Weekly tips to improve accessibility. Thank you for joining us on this journey.
Tip of the Week: Writing Accessible Content Part 3
This is the last newsletter on accessible content. We will start discussing accessible forms next week. We've included two more writing strategies that improve the ability of individuals with cognitive disabilities and who listen to text to understand and engage with your content. With practice, you will naturally incorporate these strategies into your writing style. They will not add time to content creation but will increase your organization's reach and impact.
Disclaimer: This is an ongoing process. We are still working on incorporating these strategies as well.
Time: Varies by content length and decreases with practice
Who Benefits: Individuals with cognitive disabilities, screen reader users, text-to-speech users.
Everyone quickly understands your content and if it is relevant. Translation to different languages is easier.
Strategy 5: Avoid Double Negatives
Write positive statements when possible.
Do not combine two or more negative words to create a positive statement.
Review your work.
Look for negative statements that include words such as not, can't, don't, and words starting with "un".
If you find statements like these, consider whether they can be simplified and written from a positive instead of negative point of view.
Use this: Write clearly
Not this: Do not write unclearly.
Use this: The director must make the deadline.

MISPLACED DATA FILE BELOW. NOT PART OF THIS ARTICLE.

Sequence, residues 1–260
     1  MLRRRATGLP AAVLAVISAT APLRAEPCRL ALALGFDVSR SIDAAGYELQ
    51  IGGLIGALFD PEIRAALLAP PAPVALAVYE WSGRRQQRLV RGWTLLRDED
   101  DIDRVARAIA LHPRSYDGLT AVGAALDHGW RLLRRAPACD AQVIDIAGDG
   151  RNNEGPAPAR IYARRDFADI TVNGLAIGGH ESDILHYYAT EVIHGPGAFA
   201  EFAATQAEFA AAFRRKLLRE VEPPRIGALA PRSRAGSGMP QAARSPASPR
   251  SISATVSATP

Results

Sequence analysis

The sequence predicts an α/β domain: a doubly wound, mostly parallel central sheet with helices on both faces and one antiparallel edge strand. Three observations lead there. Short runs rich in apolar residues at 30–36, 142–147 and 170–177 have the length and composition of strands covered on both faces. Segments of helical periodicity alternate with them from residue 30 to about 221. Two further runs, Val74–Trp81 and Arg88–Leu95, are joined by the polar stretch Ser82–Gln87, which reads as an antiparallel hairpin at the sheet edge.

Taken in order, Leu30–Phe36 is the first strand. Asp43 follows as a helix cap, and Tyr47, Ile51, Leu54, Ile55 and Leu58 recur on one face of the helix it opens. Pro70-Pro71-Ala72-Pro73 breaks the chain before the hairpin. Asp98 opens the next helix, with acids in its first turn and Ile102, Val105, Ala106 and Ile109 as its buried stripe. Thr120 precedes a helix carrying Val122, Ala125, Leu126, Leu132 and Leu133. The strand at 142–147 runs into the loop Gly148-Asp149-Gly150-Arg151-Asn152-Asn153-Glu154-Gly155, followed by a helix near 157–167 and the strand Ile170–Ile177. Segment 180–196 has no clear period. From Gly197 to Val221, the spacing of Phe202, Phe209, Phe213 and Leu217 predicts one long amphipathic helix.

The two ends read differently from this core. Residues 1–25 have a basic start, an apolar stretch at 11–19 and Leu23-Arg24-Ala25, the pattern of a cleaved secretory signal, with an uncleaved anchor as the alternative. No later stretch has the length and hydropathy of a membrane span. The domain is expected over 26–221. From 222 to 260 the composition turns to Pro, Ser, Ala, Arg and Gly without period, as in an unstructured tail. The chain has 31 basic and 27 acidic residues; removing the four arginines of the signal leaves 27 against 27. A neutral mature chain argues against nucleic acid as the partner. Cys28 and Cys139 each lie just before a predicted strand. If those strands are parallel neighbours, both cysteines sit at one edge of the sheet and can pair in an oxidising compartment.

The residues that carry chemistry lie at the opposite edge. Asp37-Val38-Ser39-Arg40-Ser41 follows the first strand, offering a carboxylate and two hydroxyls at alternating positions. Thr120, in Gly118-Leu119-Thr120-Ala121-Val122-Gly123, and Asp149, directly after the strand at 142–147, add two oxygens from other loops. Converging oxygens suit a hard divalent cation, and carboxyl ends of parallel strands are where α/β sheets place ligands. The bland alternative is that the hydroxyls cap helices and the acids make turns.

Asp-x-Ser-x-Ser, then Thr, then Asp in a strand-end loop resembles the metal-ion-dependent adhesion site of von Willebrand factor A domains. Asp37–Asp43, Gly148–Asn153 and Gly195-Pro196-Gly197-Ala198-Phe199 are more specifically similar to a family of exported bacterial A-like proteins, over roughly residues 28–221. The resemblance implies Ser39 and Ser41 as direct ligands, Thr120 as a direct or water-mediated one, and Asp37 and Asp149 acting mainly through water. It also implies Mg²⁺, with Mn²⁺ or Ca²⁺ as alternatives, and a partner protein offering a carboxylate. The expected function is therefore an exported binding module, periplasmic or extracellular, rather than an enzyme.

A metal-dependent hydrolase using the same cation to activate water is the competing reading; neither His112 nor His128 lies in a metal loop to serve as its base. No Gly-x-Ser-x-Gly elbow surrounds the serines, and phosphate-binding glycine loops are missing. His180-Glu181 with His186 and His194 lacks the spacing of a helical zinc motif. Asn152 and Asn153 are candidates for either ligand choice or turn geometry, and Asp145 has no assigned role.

Not this: The director can't not make the deadline
Use this: She had to go to the meeting.
Not this: She was unable to avoid the meeting.
Strategy 6: Use a Spelling and Grammar Checker
MS Word, Google Docs, and other word editing software includes spell checking and basic grammar checking tools. WordPress and other website creation tools also include plugins that will check your spelling. Run everything you write through an automated spell checker, even if you cut and paste the content into a different program.
If you are creating a lot of content, consider Grammarly or another grammar checker. These tools will help you create more readable content that can reach a larger audience.
This email text has several accessibility issues:
The small font size and low contrast (2.2:1) color makes it difficult for people with vision impairments to read.
Can you tell there are 3 links? The links are only indicated using darker gray text. None of the links are underlined. Underlining links makes the links easier for people with vision impairments, color blindness, and cognitive disabilities to use.
The text of the unsubscribe link is labeled "here." A screenreader user browsing links would find 3 links in this text: here, the company website, and the email link for assistance. The last two are clear without additional context but it would be difficult to figure out what a link labeled "here" would do if clicked.
Compare the content above to the unsubscribe text at the bottom of this email.